Solve surnames with union names
Proposal: When you start a family, make up a new name, a union name. This name goes right before you and your partner’s/s’ different surnames, which are left unchanged. If you have children, this union name is then their surname.
… And we’re done. That’s the entire idea. You can probably just stop reading now.
OK, maybe I should say a little more about why this system is such an improvement on the status quo. What are the problems with other surname-swapping paradigms? What specific advantages do union names offer?
Problems with existing systems
These are legion, so I’ll break them up into several categories. First, problems with meeting in the middle:
- Combining names via hyphens isn’t sustainable. Mr. Gramolini-Bronkhorst marries Ms. Bennett-Moore and becomes Mr. Gramolini-Bronkhorst-Bennett-Moore. Next generation, it grows to 5 or more names. TERRIFYING.
- Combining names frequently looks and sounds ugly. Surname phonology is not generally people’s main criterion in selecting mates.
- Smushing surnames together is cute (Nilsen + Pattel = Paltsen) but often unpronounceable, and makes reconstructing the original names very difficult.
- There’s still some lingering asymmetry and uncertainty in deciding whose name goes first. This isn’t trivial, because if you get to keep your name in roughly the same alphabetical position, you take on less of the social and professional cost of switching surnames.
Problems with having one partner switch to the other’s surname:
- Making the woman always switch surnames is sexist and dehumanizing.
- … Why even force people to have the discussion? Squeezing relationships into this asymmetric mold introduces pointless tension and conflict.
Problems with surname-changing in general:
- Making either person switch surnames can harm careers and hinder social networking.
- Making either person switch surnames can scramble bureaucracies — making medical records hard to find, for instance.
- Surname-switching is extra confusing if you go through multiple partnerships/marriages.
- Surname-switching is extra confusing if you find a new partner while you already have kids. Do your kids switch too?
Problems with leaving names completely unchanged:
- If neither you nor your partner switch surnames, it’s hard to figure out what your child should be named.
- If you just make up an arbitrary last name for your child, it won’t have a name in common with you, which makes identifying relatives (e.g., for legal guardian purposes) needlessly difficult.
Besides, all the existing systems are just boring. Why not have surnames actually bear some direct relevance to the individuals who have them?
Advantages of union names
Symbolism. Union names retain the ritual advantages of conventional marital name-changing. Unions do involve a name alteration, so the significance of the event is branded into your identity in a stable, concrete, visible way. At the same time, people who don’t want to change their names at all are free to skip that step and just use union names for their kids’ surnames. This sacrifices some of the system’s advantages, but a flexible system is a good system.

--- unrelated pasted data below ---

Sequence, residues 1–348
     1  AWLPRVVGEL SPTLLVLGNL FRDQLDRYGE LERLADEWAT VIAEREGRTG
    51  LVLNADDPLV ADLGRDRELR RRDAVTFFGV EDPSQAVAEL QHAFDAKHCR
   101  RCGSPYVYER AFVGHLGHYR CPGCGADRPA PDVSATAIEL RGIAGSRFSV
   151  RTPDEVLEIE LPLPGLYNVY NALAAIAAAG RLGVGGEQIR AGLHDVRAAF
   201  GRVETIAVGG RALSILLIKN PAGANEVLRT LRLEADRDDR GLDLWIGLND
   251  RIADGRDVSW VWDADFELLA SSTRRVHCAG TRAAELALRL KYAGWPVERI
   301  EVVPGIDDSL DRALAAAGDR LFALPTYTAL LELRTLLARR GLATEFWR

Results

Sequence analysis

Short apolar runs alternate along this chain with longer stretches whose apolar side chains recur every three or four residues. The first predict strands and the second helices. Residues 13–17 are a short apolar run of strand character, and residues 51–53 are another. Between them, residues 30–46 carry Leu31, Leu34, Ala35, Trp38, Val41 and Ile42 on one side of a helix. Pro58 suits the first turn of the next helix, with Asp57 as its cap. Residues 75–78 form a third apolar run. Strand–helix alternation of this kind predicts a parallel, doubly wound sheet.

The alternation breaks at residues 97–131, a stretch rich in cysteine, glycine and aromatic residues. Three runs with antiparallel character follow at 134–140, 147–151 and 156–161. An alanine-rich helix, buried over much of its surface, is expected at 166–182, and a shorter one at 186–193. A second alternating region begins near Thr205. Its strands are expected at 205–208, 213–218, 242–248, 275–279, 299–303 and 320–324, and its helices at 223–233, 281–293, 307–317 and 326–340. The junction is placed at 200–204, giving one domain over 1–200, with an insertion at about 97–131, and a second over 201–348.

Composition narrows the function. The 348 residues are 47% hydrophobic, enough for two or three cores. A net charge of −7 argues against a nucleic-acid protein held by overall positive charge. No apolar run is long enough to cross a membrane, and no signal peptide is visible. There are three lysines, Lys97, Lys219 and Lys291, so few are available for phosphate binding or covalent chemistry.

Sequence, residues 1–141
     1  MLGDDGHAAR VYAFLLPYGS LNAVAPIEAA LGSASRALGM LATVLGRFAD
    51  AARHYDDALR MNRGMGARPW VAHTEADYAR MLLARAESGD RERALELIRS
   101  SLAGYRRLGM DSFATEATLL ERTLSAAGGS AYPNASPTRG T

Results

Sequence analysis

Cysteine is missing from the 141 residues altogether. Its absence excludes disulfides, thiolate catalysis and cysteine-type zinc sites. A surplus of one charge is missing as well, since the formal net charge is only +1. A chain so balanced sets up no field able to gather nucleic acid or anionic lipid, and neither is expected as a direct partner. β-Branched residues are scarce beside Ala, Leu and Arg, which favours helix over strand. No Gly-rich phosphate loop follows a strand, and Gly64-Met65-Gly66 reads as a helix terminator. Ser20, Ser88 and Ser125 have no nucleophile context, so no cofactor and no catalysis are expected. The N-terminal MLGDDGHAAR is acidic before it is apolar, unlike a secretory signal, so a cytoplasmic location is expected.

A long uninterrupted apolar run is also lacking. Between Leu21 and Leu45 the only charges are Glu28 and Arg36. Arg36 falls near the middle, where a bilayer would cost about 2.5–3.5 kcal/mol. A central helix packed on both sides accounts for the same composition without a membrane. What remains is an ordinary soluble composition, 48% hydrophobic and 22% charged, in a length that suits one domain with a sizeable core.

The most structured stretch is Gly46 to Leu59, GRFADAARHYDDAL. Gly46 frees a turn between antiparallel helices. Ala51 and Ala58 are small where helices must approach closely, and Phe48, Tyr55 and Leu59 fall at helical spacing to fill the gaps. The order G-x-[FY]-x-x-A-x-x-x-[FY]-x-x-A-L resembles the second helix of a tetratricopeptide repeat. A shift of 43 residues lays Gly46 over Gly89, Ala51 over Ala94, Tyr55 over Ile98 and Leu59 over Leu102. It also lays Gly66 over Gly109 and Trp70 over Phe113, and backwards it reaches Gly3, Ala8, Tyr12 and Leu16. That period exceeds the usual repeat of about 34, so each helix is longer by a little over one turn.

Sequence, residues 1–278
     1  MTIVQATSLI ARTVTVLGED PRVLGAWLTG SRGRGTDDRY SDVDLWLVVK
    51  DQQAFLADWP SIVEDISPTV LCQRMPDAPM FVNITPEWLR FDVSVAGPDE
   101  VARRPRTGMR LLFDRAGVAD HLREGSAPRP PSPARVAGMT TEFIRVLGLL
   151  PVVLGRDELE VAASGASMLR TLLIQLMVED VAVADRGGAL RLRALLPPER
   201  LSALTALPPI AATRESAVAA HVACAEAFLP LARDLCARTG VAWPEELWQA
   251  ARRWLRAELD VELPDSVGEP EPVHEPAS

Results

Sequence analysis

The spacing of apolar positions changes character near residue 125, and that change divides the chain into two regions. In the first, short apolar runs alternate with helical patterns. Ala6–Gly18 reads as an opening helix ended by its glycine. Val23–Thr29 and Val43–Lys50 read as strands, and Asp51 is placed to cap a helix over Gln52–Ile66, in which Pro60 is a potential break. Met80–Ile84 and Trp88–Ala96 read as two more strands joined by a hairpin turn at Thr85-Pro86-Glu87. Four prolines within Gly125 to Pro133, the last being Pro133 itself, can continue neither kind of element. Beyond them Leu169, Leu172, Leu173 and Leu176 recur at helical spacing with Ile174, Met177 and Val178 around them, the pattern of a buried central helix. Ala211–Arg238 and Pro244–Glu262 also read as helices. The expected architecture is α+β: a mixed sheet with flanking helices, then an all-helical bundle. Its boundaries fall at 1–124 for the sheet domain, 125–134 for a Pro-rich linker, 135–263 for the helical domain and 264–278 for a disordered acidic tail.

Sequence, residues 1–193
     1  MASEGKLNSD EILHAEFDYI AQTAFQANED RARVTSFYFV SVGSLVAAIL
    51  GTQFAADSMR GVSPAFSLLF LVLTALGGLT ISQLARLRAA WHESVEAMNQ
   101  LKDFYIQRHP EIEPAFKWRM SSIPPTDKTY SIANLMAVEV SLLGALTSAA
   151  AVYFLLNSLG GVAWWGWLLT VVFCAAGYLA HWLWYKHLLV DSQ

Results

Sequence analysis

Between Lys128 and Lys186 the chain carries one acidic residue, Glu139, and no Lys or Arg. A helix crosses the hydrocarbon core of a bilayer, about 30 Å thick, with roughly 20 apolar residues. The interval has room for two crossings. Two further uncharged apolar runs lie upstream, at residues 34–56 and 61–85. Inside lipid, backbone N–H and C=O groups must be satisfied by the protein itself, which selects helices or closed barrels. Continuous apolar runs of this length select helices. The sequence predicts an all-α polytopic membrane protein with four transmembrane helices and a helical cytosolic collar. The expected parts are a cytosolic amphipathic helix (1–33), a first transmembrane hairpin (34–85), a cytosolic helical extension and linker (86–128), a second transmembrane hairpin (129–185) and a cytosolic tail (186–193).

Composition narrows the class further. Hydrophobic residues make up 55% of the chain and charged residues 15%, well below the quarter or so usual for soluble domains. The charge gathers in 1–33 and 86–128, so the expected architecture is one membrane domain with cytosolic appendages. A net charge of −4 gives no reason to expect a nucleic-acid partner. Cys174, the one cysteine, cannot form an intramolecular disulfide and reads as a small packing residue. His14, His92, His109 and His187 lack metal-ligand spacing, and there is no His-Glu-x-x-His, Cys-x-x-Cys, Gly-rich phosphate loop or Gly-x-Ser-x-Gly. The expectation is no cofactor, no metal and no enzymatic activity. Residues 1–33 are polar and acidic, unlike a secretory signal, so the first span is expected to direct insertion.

Moreover, it says something worth saying about consent, mutualism, and moral equality if the same name change is undergone by all partners, rather than the change being asymmetrically imposed on one partner by the other.
A name also has more personal significance if it’s lovingly crafted by partners, rather than being an arbitrary historical relic.
Creativity. You have more freedom to make mellifluous (and super badass) names for your kids — and for yourself — since you aren’t stuck with an inherited surname you have to work around.
Flexibility. Unions names are accessible to lesbian, gay, and queer couples; to polyamorous unions; and to serial unions.
Informativeness. Children and their parents always share at least one name, and in a systematic fashion that makes it easy to trace family trees if you aren’t missing any generations.
If you’ve had multiple independent unions, and don’t want to re-use the same union name for each, it’s easy to tell what order the unions came in (left-to-right yields chronological order), and also easy to tell which children are associated with which partnerships.
If you’re looking at a bunch of names in a family reunion roster, a Facebook thread, or an address book, it’s also easy to discern their familial relationships at a glance, assuming no incestuous unions. People sharing last names are siblings. People sharing middle names are spouses. And if Qiáng’s middle name is the same as George’s surname, then George is Qiáng’s child. (It’s a deliberate feature that sibling and spousal relationships are symmetric, while parental ones are asymmetric.)
As I conceive them, surnames will be more public and professional and official — hence you have them from birth to death, unless you go out of your way to change ’em — while union names would be more private and personal. A small family unit where the parents have union name Argestes (and therefore the children have Argestes as surname) might refer to itself as ‘clan Argestes’ or ‘the Argestes family’ in Christmas cards, whereas on census forms or medical documents it will just stick to individual surnames. It’s unfortunate that this system is very different from our current one, so it isn’t the easiest to transition into. But I think it’s the simplest option available, and the most sustainable.